Considering the influence of human trust in practical social engineering exercises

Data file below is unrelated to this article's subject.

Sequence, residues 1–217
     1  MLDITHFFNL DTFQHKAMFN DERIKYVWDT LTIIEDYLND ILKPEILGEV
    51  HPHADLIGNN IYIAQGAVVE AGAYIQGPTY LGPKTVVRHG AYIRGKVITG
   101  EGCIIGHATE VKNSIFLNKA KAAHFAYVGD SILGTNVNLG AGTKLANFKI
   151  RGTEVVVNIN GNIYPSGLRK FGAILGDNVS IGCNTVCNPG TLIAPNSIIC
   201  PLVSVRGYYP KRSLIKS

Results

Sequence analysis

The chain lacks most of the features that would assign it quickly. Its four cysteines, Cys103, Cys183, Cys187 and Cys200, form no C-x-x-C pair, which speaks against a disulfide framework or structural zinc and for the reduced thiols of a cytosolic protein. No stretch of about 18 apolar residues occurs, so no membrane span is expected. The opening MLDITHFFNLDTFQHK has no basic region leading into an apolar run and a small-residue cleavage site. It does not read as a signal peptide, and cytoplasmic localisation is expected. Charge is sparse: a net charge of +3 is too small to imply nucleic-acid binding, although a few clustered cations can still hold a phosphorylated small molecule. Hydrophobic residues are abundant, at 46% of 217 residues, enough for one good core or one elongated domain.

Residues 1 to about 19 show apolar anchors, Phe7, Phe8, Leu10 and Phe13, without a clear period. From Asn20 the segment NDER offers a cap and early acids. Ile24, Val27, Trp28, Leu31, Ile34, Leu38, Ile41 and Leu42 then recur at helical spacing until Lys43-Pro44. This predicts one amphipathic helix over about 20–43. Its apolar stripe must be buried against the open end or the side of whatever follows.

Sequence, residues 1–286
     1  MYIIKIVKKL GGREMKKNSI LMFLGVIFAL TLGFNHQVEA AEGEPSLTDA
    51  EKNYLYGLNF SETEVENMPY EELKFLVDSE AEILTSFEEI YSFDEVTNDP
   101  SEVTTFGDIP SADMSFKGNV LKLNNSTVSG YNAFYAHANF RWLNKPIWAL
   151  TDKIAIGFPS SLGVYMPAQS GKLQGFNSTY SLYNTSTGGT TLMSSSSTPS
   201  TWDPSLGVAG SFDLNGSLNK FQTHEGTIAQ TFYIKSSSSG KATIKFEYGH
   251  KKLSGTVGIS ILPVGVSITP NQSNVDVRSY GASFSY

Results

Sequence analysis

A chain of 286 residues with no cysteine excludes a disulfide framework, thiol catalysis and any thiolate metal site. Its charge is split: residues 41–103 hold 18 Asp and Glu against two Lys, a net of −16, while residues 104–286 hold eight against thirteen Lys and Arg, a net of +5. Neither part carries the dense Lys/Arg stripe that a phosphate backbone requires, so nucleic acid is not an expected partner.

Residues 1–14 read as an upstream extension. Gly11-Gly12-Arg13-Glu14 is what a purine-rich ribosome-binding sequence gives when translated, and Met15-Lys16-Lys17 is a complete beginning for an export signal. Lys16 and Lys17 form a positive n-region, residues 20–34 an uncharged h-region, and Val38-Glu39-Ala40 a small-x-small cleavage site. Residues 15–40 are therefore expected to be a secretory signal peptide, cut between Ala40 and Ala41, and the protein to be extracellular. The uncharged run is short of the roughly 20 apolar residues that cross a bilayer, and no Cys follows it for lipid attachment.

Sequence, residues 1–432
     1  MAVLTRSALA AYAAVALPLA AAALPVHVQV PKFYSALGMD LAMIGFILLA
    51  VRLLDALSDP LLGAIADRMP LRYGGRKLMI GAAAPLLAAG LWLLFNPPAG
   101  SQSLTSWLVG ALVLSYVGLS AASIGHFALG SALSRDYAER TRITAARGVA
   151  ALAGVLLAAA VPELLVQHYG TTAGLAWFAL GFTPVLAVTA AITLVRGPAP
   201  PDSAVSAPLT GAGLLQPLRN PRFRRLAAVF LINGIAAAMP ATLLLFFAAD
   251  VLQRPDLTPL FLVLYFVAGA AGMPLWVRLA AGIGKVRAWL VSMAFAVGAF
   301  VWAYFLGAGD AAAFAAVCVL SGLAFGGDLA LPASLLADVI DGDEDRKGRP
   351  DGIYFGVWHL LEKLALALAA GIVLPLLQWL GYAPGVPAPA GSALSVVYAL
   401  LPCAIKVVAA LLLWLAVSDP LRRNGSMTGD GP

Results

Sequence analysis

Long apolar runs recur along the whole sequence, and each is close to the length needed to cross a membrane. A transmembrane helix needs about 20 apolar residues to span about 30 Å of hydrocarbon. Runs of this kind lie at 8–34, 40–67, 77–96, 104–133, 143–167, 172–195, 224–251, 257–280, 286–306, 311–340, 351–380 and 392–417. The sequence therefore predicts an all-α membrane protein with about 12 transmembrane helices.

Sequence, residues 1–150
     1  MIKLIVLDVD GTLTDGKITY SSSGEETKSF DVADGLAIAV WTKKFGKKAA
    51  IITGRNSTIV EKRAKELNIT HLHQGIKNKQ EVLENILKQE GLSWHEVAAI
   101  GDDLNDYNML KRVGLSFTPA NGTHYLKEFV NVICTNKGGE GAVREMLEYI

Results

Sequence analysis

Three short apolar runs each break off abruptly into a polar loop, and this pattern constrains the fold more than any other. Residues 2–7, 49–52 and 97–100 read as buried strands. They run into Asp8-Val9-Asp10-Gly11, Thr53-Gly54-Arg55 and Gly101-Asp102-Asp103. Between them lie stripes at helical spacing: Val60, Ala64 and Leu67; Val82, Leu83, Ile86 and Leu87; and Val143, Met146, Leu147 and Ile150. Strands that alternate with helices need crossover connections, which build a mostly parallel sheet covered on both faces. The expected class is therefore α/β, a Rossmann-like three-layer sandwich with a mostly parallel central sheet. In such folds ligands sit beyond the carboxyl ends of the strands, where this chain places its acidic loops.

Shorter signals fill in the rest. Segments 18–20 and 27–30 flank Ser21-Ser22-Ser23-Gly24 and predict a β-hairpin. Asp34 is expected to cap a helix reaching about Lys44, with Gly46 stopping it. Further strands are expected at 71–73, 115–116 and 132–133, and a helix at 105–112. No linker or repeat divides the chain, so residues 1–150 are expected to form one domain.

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There are numerous technical advances in the field of information security. However, the application of information security technologies alone is often not sufficient to address security issues. Human factors play an increasing role in securing computer assets and are often detrimental to the security of an organisation. One of the salient aspects of security, which is linked to humans, is trust. It is safe to assume that trust will play an important role in any information security environment and may influence security behaviour significantly. In this paper the results of a practical phishing exercise and a trust survey are considered. The research project is part of a larger project and the phishing exercise is a follow-up to an earlier first practical phishing test. Results of the phishing test are compared with the first exercise. In addition, the newly obtained trust information from the survey is also incorporated into the report in order to try and explain security behaviour. The research was performed at a large organisation. Results indicate that although there is a general high level of trust in the organisation’s ability to provide safe and secure information systems, a large number of staff was still victim to a simple phishing exercise. A possible explanation, which opens up further avenues for research, is offered.